The First Letter of Christopher Columbus to the Noble Lord Raphael Sanchez Announcing the Discovery of America: Reproduced in Fac-simile from the Copy of the Latin Version of 1493 Now in the Boston Public Library: with a New Translation

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Trustees, 1891 - America - 17 pages
 

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Page 10 - Heaven, and that I have come down from there with these ships and sailors; and in this spirit was I received everywhere, after they had got over their fear. They are neither lazy nor awkward, but, on the contrary, are of an excellent and acute understanding. Those who have sailed these seas give excellent accounts of everything ; but they have never seen men wearing clothes, or ships like ours. As soon as I had come into this sea, I took by force some Indians from the first island, in order that...
Page 9 - ... whom I visited and with whom I was able to converse, I distributed whatever I had, cloth and many other things, no return being made to me; but they are by nature fearful and timid. Yet when they perceive that they are safe, putting aside all fear, they are of simple manners and trustworthy, and very liberal with everything they have, refusing no one who asks for anything they may possess, and even themselves inviting us to ask for things. They show greater love for all others...
Page 5 - April 29, 1493, in the First year of the Pontificate of Alexander the Sixth. As I know that it will afford you pleasure that I have brought my undertaking to a successful result, I have determined to write you this letter to inform you of everything that has been done and discovered in this voyage of mine. On the thirty-third day after leaving Cadiz I came into the Indian Sea, where I discovered many islands inhabited by numerous people. I took possession of all of them for our most fortunate King...
Page 10 - ... it seemed to them, if they could get such, that they had acquired the most beautiful jewels in the world. For it chanced that a sailor received for a single strap as much weight of gold as three gold solidi ; and so others for other things of less price, especially for new blancas, and for some gold coins, for which they gave whatever the seller asked ; for instance, an ounce and a half or two ounces of gold, or thirty or forty pounds of cotton, with which they were already familiar. So, too,...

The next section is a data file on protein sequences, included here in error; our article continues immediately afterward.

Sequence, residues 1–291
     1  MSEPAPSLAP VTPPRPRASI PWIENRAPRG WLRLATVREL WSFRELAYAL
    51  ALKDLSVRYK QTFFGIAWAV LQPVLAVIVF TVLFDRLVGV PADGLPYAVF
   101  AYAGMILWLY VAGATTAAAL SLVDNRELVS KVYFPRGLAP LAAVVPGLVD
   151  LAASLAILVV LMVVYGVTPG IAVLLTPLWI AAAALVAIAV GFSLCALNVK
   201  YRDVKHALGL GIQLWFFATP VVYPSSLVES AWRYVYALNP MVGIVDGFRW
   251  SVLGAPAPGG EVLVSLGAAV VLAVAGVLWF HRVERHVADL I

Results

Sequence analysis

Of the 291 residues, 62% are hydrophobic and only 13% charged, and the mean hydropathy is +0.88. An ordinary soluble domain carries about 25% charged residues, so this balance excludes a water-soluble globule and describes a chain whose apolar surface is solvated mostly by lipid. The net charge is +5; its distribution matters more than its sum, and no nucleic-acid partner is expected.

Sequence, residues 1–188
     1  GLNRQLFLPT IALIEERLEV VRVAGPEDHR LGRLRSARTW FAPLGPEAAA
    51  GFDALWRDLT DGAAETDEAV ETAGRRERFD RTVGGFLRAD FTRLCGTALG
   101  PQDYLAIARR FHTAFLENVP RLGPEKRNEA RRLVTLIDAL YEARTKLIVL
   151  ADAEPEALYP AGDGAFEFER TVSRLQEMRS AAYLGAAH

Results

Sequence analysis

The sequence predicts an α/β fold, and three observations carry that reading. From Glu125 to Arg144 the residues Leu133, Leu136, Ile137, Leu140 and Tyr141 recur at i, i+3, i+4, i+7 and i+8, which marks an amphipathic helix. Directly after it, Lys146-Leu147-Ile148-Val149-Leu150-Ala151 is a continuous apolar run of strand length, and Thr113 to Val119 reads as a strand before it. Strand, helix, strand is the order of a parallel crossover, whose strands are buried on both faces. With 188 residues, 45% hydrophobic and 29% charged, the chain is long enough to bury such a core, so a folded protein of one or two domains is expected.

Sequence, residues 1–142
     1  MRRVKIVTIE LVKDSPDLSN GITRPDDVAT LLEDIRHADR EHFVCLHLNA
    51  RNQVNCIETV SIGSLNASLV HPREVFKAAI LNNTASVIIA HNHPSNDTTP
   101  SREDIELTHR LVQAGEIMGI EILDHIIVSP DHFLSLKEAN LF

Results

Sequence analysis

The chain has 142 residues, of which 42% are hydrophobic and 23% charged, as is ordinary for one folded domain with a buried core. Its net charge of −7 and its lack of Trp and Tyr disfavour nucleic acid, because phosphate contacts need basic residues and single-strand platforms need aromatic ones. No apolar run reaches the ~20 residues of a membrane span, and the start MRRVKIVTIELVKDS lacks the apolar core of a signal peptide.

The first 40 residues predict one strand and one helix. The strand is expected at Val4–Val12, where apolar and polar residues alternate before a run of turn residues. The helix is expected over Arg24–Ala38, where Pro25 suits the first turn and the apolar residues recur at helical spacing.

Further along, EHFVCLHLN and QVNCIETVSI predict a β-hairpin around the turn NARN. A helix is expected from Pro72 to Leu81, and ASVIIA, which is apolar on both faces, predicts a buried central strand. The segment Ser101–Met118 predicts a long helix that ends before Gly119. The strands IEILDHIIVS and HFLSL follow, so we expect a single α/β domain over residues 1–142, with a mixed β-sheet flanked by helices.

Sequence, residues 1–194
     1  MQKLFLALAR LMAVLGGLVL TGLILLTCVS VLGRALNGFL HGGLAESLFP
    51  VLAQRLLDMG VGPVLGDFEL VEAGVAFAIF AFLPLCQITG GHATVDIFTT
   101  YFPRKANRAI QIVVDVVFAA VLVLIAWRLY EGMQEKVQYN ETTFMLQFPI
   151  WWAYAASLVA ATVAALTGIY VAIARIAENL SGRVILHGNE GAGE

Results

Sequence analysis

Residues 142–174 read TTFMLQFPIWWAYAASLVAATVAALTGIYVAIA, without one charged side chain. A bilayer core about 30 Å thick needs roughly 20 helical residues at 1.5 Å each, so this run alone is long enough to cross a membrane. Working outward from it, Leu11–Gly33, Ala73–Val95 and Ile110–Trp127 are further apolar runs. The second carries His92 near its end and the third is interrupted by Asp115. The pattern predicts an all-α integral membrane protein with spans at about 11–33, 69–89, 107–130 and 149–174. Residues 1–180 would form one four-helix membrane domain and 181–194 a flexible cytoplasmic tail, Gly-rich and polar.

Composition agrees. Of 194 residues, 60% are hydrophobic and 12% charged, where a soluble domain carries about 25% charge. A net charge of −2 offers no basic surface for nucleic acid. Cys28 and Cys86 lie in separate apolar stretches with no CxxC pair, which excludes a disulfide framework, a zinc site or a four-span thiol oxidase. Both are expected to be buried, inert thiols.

Page 5 - Letter addressed to the noble Lord Raphael Sanchez, Treasurer to their most invincible Majesties, Ferdinand and Isabella, King and Queen of Spain, by Christopher Columbus, to whom our age is greatly indebted, treating of the islands of India recently discovered beyond the Ganges, to explore which he had been sent eight months before under the auspices and at the expense of their said Majesties. KNOWING that it will afford you pleasure to learn that I have .brought my undertaking...
Page 12 - ... 322 miles. From this voyage and the extent of my journeyings I can say that this Johana is larger than England and Scotland together. For beyond the aforesaid 322 miles, in that portion which looks toward the west, there are two more provinces, which I did not visit. One of them the Indians called Anan, and its inhabitants are born with tails. These provinces extend 180 miles, as I learned from the Indians, whom I am bringing with me, and who are well acquainted with all these islands. The distance...
Page 16 - ... accomplished, for if any have ever written or spoken of these Islands, all has been in doubts and conjectures, none asserting that he had seen them, so that it seemed almost a fable. Therefore let the King and Queen, the princes and their most happy kingdoms, and all other provinces of Christendom, return thanks to our Lord and Saviour Jesus Christ, who has bestowed on us so great a victory and reward. Let processions be held, solemn rites performed, and the church be adorned with festive boughs....
Page 17 - ... faith, but also for the increase of temporal prosperity, in which not only Spain, but all Christendom is about to share. As these things have been accomplished, so have they been briefly narrated. Farewell. CHRISTOPHER COLOM, Admiral of the Ocean Fleet.
Page 17 - Now no land need he added to the triumphs of Spain, For the world was too small for power so great ; Now a region far hidden beneath the eastern waves Will add to thy titles, O great lord of the Baetis. Wherefore to Columbus, its discoverer, must deservedly be paid Thanks ; but greater be rendered to God most high, Who is preparing new realms to be conquered by thee and by himself. It is best for thee to be at the same time brave and pious. Columbus was a very voluminous writer. Ninety-seven pieces...
Page 11 - Whereupon both women and men, children and adults, young and old, laying aside the fear they had felt a little before, flocked eagerly to see us, a great crowd thronging about our steps, some bringing food, and others drink, with greatest love and incredible good will. In each island are many boats made of solid wood ; though narrow, yet in length and shape similar to our two-bankers, but swifter in motion, and managed by oars only. Some of them are large, some small, and some of medium size ; but...

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